Then in July of 2019, a policy called Migrant Protection Protocol (MPP) was put in place. This was also known as the “Remain in Mexico” policy. Under this policy, no asylum-seeker was allowed to enter the USA to plead their case from inside the USA. This caused the camp to grow to 1,000 in the first week, to 2,000 in the second week, and to 2,500 by the end of the third week.

There are at least three hearings before an asylum decision can be made. It could take over a year to have all three trials. The people were supposed to prepare their cases from inside Mexico. That didn’t work very well.

Rio grande at the camp

The trials were set up for a judge to hear from a remote location. Each judge had a quota of cases to hear per day. Seldom was an attorney allowed in the courtroom, if there was an attorney. There was not always an interpreter. The judge was not allowed to consider all of the evidence. Because of the confusion surrounding running the business of the court, there were many errors that resulted in the removal orders for people who didn’t even know they had a court date or could not get to court. Under MPP, fewer than 1% were granted asylum. But, they still had hope.

In June of 2020, things took a drastic turn for the worse. A flood ruined the camp. A turf war between criminal elements in Matamoros was heating up, and COVID-19 restrictions went into effect.

Ready to cross food into the camp

Because of the flood, tents were washed away. Because of the turf wars, things became violent in the camp. Because of COVID-19 restrictions, no asylum-seeking would be allowed until the end of the pandemic. The people lost hope. The tents could be replaced. The violence would end. But under the COVID-19 policies, there was no longer a legal path to asylum. In one week, the camp went from 2,500 to fewer than 500 people.

The most draconian element of the COVID-19 policy is called expulsion, especially as it applies to children crossing into the US without an adult traveling with them. Up until this time, under the Unaccompanied Minor Program, kids were free to cross into the USA. They were put into shelters where their relatives were located. Then, the kids were sent to live with those relatives. Some parents with weak asylum cases, sent their kids across the bridge with contact information for relatives in the USA. They felt confident that the system would find the relatives and send the kids to them, knowing that they might never see their children again, hoping that they could at least stay in touch.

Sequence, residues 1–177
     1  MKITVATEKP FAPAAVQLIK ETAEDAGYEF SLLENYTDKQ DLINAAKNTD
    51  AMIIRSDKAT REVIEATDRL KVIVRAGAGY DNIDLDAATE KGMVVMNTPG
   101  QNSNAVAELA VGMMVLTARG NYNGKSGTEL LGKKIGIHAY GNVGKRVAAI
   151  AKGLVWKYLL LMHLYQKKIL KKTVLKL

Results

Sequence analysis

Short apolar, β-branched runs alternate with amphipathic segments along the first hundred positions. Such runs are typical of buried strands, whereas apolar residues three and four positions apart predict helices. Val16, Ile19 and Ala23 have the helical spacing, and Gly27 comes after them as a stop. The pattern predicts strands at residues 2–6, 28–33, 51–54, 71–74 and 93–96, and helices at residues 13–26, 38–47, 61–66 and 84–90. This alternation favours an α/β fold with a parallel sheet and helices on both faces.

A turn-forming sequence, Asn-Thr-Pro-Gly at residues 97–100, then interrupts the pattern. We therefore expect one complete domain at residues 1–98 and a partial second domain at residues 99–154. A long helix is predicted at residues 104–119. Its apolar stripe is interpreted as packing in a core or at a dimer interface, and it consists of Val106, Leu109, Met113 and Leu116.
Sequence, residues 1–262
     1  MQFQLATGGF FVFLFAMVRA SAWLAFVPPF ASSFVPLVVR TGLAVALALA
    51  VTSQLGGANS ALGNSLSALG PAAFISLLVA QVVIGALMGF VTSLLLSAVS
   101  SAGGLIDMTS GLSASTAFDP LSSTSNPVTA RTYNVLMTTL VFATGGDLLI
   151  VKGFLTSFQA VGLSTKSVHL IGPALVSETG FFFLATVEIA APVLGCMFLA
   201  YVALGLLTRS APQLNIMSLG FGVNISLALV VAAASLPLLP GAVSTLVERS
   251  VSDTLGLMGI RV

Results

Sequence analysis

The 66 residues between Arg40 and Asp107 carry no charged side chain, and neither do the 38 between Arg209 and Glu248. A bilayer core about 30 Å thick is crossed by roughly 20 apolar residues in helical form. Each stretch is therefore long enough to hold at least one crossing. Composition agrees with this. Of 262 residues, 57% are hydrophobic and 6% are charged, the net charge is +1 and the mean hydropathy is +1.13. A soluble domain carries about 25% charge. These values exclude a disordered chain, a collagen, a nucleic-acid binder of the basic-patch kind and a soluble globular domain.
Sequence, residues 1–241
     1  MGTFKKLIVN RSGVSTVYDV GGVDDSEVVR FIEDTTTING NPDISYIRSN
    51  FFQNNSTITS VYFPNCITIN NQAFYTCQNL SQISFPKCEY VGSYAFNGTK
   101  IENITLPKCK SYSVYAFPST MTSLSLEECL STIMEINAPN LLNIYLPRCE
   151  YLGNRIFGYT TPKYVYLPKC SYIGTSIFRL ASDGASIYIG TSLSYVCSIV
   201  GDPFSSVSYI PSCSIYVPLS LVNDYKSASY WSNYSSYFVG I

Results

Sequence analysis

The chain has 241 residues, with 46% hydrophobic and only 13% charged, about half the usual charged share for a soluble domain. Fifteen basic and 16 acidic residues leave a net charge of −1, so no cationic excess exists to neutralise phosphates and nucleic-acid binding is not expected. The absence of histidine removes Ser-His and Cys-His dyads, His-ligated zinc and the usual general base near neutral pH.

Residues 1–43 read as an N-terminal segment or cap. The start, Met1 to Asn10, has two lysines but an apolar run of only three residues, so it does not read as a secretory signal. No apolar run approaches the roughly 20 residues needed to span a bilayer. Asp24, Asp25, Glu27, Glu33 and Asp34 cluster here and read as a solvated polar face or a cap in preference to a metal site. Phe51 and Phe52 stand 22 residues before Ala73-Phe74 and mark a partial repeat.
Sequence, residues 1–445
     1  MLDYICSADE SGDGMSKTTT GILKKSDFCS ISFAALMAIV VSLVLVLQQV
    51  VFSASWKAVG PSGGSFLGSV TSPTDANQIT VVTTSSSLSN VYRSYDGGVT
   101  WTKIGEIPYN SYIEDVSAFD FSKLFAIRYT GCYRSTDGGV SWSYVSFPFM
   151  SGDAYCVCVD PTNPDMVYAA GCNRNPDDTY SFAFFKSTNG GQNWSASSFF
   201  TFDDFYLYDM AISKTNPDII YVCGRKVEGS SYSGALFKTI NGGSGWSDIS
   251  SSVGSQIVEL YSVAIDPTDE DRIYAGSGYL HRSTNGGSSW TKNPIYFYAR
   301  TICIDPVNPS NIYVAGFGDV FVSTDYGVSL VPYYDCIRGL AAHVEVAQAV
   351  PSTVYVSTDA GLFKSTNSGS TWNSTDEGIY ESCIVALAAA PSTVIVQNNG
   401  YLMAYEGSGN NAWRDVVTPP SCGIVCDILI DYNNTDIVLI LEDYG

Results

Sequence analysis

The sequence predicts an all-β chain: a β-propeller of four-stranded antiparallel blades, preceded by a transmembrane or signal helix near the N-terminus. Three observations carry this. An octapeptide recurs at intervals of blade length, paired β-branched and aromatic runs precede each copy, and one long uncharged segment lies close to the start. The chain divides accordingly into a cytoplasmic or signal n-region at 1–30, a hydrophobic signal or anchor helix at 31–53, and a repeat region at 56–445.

Expulsion is different than deportation. In deportation, a person has a right to see a judge. Then the courts decide if the case for asylum is strong enough to pursue. If not, orders of removal are issued and the person is deported. In expulsion, there is no chance to be heard in court. People, including children, are locked in a Federal detention facility. Then, they are put on a plane and flown to Guatemala.

Under the new COVID-19 restrictions, kids as young as two, are being expelled and flown to Guatemala. Young children are loaded onto a plane. The older children are in five-point chain shackles. The kids go to detention to be held until they are sent to another country. Not to find family in detention. This is actually a crueler method of family family separation. Our government also does this to adults. Sometimes they go to a “safe” third country or to the asylum-seeker’s country of origin, many times to face death from the people they were hoping to escape. We call these “Death Flights.”

There is more to share about how immigration is being affected. Stay tuned for the next installment.

If you would like to know more about Mark and Marilyn’s work on the border, or how you can help, like their Facebook page or email Mark for more information at mtmasai@aol[dot]com. You can also check out Mark’s previous articles that share more about the camp in our Tales of Diversity section.

Mark and Marilyn Redwine are voluntary missionaries in Brownsville, Texas which is right on the border with Mexico. They have been ministering the love of Jesus to the people there for the last nine years. They have two ministries. Both are to the most marginalized. One is to the people living in generational poverty, and the other is to asylum seekers.
Mark is a retired chiropractor. They lived in Butte Montana for fourteen years before answering God’s call to missions. In 2000, a young evangelist named Christopher Lewis (who just happens to be Lorie Lewis Ham’s Brother), came to the church Mark and Marilyn belonged to and Christopher asked Mark to travel to Africa with him. Christopher and Mark have traveled all over the world planting churches, doing evangelistic crusades and compassionate ministry. In 2009, Marilyn went to Africa with Mark. It was there both Mark and Marilyn accepted the call to missions.
Their first assignment was in February of 2010 working with Christopher and his bride, Karen, in Rosarito Beach, Mexico. Then in September of that year, they were assigned to Brownsville…….where they hope to live happily ever after, or until God moves them someplace else.

1 Comment

  1. Sad and just so terrible what these asylum seeking immigrants have to go through to try to get into the United States.